How and When Do I Plan for Business Succession?
"If you own a business or are considering starting one, you need to be thinking about your ‘end game.’ The sale of your business should be the biggest payday of your life and, ideally leading you into a comfortable retirement. The best way to maximize this payday through a business succession plan. A thoroughly developed plan will help increase the value of your business and the number of potential buyers. Once developed, you should frequently revisit and update the document, which will keep you mindful of your exit strategy.
Your timeline, or how many years you have left, will drive a lot of your decisions. For instance, if you are 15 or more years away from retirement, maybe you should consider buying a building. It’s possible that when you are ready to sell your business, your building may be paid off and have appreciated in value, thereby increasing your potential payout. The further away you are from your exit, the more you should be focused on increasing your business’s value. As your timeline shrinks, you may want to shift your focus towards identifying buyers. It will be helpful to structure your plan in a linear manner, which would allow you to set benchmarks like these and help you to stay on track as you near the end.
Business succession can come in two forms: internal and external. Internal succession can be selling to a co-owner, family member, or one or more employees. External succession would typically be selling to a competitor or some other outside investor or entrepreneur. Liquidation is another option to get out of your business, but it is often the least profitable and sometimes only makes sense when no other succession has been identified. A good business succession plan should help you avoid having to rely on liquidation as your out.
With an understanding of your internal and external succession possibilities, you can better identify individual potential buyers. If your business is privately owned, there is likely no great marketplace for selling. You may be able to engage a consultant, broker, or realtor to see buyers on your behalf, but we’d also encourage you to leverage your own network. For instance, your favorite banker may have other customers who are actively looking to acquire assets. Because there can be many factors that limit your external options, more businesses are being sold to internally. In these cases that the early identification is most critical. If you have a key employee or maybe a young employee with great potential, it will take time to help groom them to eventually take over the business. It will also take time for them to build up enough savings to help with the acquisition.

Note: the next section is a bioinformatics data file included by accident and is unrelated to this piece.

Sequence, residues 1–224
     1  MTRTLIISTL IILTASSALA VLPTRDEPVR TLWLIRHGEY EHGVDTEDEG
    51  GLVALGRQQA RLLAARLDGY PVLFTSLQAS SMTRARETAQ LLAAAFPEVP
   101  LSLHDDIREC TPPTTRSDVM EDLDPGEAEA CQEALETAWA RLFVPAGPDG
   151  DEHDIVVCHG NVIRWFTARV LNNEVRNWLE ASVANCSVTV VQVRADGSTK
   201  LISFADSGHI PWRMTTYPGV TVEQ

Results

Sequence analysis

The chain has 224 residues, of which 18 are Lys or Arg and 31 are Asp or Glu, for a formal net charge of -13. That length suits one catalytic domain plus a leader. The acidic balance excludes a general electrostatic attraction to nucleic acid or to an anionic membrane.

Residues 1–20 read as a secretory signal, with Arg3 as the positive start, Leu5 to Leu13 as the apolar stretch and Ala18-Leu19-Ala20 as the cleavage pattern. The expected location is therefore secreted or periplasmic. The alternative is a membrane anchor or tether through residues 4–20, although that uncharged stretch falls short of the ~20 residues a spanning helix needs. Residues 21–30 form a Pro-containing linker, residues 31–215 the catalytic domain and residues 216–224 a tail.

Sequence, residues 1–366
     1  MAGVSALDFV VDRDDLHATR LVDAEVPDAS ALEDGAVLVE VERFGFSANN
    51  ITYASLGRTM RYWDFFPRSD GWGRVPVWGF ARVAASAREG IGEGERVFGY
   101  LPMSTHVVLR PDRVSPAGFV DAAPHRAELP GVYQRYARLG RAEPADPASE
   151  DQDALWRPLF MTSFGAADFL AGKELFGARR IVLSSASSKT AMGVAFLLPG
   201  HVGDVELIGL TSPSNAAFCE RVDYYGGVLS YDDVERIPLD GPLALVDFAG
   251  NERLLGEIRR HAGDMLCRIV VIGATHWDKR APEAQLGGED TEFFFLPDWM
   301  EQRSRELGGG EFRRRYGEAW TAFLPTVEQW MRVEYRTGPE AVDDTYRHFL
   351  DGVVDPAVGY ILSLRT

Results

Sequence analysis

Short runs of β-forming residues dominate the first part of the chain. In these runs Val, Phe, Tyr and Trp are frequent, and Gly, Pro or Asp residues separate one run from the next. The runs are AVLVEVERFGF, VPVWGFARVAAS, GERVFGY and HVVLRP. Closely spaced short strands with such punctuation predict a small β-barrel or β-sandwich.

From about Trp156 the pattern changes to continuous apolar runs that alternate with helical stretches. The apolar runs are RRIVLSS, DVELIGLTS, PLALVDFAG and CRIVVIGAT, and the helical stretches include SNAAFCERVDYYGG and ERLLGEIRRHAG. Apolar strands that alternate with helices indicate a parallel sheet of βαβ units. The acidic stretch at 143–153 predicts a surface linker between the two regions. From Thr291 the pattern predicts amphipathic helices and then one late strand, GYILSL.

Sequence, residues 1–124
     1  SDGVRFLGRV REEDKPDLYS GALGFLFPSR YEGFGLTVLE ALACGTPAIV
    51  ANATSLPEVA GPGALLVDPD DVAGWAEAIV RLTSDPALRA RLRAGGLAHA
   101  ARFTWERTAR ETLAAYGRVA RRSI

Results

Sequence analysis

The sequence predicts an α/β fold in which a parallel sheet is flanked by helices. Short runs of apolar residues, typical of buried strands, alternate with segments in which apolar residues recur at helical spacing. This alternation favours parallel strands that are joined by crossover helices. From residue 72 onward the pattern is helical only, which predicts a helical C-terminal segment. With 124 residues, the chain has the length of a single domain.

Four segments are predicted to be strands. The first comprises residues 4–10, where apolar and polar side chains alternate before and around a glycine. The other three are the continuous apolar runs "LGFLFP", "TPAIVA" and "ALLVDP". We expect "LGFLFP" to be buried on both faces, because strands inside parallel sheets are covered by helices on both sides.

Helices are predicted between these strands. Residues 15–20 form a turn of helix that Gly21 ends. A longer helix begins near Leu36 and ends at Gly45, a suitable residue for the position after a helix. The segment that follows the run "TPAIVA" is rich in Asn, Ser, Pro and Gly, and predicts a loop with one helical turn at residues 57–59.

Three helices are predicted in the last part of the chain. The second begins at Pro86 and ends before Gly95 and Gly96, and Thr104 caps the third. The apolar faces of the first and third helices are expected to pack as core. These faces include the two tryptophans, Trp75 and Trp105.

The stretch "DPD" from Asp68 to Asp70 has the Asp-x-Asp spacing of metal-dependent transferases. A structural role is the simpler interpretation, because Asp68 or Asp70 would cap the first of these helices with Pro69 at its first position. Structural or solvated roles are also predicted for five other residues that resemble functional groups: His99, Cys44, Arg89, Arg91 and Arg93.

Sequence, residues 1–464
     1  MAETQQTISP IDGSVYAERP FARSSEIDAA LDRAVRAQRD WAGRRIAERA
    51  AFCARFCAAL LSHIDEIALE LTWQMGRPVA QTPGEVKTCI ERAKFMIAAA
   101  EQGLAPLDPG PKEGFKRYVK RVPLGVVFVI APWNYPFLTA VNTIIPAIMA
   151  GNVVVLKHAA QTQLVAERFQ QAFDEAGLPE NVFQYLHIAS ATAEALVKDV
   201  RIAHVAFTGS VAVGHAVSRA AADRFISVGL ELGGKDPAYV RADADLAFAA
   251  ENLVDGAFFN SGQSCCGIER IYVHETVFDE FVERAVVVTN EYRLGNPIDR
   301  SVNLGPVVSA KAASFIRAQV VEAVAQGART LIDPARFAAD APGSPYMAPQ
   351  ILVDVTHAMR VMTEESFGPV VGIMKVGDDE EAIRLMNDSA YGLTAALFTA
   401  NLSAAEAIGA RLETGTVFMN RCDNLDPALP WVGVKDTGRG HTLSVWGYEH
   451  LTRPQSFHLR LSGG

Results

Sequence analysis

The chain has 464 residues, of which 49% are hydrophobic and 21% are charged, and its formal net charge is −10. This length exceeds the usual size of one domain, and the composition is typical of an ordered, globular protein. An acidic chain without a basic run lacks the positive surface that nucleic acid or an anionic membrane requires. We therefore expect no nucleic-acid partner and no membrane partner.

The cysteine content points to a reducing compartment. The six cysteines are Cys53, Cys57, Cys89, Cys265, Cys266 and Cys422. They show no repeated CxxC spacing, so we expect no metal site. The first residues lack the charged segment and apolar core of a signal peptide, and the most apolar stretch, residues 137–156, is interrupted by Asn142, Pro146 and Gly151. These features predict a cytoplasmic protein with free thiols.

The true value of a business is ultimately the agreed upon price between a willing buyer and a willing seller. But how do you make sure you are not undervaluing your business? Asset valuation, such as a building appraisal, should hopefully determine a base value. From there, you will want to factor in the value of your annual earnings or profitability. A building with high rents is better than an empty one, right? Be honest with yourself about value of your business name, too. Your twenty years of excellent reputation may result in some goodwill value as well. We highly recommend seeking professional help for business valuations, especially if you have any level of complexity in your operation.
Finally, there are some additional factors to consider in succession planning. Formal operating procedures can act as references or training for future employees and owners. Are you willing to stay on after the sale as a consultant or to help with the transition? You should also consider the funding of the sale. More and more frequently, sellers are financing all or part of the sale, which has its own set of pros and cons. Research this more with your accountant – and this is no time to skimp on your accountant, a good one provides more value back to you than you pay to them.
In the end, the time and effort that goes into business succession planning will absolutely be worth the reward."
What Should I Look for When Choosing a Bank?